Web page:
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Premium vs regular

we just purchased a 2007 VW GTI turbo. do we need to use premium gas. will regular hurt the engine. the dealer told us regular is ok, but everything i read says that using regular may damage the engine

yes

yes to must use premium?

Read the owner’s manual. It will tell you for sure. Do not use fuel of an octane rating lower than the manual requires or damage to the engine will occur. Most turbo cars require premium, and the use of lower octane fuel for anything other than an emergency for a short time will damage the engine.

Also, www.fueleconomy.com lists this car as a premium fuel car.

Yes, you must use premium with the turbocharged engine. Anything else is asking for trouble. Big, expensive trouble.

Dealers will say anything to make a sale.

Yes, you need to use premium gas unless you want to inflict very expensive damage that is not covered by warranty. Why would it not be covered by the warranty? Because the Owner’s Manual states that premium gas must be used in the turbo charged model.

When you don’t follow dictates like the gasoline octane requirement, you give the manufacturer an “out” when you have the car towed in with detonation damage to the pistons. Why people fail to read the Owner’s Manual–especially for important issues like this–is simply beyond my ken.

Which “the dealer”. Not specific enough. If it was the service department, don’t believe it. If it was the sales department, double don’t believe it. This is such an easy decision. Everything read beats everything said.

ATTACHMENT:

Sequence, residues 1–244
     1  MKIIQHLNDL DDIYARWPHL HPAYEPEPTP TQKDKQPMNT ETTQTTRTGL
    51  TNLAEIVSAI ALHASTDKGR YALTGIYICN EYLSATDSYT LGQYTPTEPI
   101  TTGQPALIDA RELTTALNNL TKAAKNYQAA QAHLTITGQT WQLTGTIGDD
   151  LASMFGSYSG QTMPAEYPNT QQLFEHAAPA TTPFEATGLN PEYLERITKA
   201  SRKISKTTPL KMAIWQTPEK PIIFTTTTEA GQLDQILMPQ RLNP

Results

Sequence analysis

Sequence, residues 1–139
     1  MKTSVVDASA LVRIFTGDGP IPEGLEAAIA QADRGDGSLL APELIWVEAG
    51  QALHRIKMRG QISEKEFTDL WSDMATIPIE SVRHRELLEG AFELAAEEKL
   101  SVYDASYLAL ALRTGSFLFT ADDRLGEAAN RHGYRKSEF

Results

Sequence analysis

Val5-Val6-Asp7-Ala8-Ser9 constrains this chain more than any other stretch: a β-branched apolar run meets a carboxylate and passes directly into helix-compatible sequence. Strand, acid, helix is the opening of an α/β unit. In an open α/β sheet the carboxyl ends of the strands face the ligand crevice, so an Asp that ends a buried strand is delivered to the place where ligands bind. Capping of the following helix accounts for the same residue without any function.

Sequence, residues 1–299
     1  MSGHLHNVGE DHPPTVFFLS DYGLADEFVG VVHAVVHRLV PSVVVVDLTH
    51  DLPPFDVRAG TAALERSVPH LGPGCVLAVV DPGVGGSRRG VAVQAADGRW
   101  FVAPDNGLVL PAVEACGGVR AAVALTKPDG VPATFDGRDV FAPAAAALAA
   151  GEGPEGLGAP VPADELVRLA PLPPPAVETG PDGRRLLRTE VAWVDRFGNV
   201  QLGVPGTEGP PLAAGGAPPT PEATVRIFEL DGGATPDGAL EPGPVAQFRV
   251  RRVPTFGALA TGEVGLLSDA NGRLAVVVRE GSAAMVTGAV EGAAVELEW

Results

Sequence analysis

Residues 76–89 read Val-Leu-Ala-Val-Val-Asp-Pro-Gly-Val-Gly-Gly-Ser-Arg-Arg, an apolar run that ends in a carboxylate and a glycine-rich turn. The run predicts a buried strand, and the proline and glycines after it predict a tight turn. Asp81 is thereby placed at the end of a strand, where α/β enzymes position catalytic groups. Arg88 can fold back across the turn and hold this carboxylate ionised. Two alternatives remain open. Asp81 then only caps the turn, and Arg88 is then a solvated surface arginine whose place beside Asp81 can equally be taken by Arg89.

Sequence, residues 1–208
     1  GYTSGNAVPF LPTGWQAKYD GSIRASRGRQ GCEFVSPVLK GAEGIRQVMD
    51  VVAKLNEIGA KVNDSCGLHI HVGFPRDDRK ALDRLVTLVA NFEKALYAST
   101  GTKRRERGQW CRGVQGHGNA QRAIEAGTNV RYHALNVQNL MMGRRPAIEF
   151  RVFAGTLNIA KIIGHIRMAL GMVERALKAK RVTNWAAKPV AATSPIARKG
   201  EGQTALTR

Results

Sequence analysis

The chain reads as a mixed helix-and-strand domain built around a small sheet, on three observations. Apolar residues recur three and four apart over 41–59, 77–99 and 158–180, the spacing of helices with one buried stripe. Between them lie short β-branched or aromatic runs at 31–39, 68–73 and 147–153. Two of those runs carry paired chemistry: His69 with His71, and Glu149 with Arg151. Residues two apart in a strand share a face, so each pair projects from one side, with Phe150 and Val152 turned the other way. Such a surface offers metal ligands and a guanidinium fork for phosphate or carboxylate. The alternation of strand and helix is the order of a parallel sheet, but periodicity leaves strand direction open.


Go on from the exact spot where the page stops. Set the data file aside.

The owner’s manual have the answer. If it says use regular use it. You will gain nothing by using high octane. If it “recommends” premium, you should use it, but you can use regular if you don’t mine loosing power and some mileage. If it says use premium, then failure to use it can damage your engine.

I believe that engine REQUIRES premium.

You asked a salesman something technical about the car he sells…That’s asking for trouble.

If you have the owners manual dig it out. Some VW with the 2.0T can use regular with degraded(usually slightly) performance. Also check the inside of your fuel door’s sticker. It will definitely state unleaded required but either state premium required or recommended.

If you cannot find your octane rating in your owners manual, sometimes the octane rating is inside the fuel filler door. I read some interesting responses to your post. My response will differ slightly from the others I read. I believe if you use an octane gasoline rated lower than the recommended flavor, your engine would have a tendency to preignite (Ping) IF, and that is a big IF, it didn’t have a knock sensor screwed into the block. The knock sensor (when properly working) will sense preignition (well before you hear it) and electronically retard the timing to prevent further preignition. This goes on continously. So in theory, you won’t see any difference in your car’s performance, with the exception of lower fuel milage and slightly decreased performance. So, with all systems performing up to par, you will not hurt your engine by using a lower octane rating, but your milage and performance will suffer. If you use a gasoline with a higher octane rating than necessary, you will not experience any increased performance or better gas milage, you will simply be supporting the oil companies and refineries in a better manner than necessary. The octane rating is boosted in the gasoline by certain additives that change the performance of the gasoline and its ability to prevent preignition. They do not make the gasoline “hotter” or “more combustable” or “burn cleaner” or any of that. That is all I have to say about that.

A nice reply benny. I would say it was very accurate. However I would not rule out engine damage for those cars that indicate they need high octane, even if they have a knock sensor. The computer can only retard the spark so far and in some engines the knocking may not be very noticeable to many drivers.

While it may not be very likely, the cost if it does damage the engine is well worth the small additional cost for fuel.

I guess checking the type of fuel required should be done before you buy the car if you are not prepared to feed a car high octane.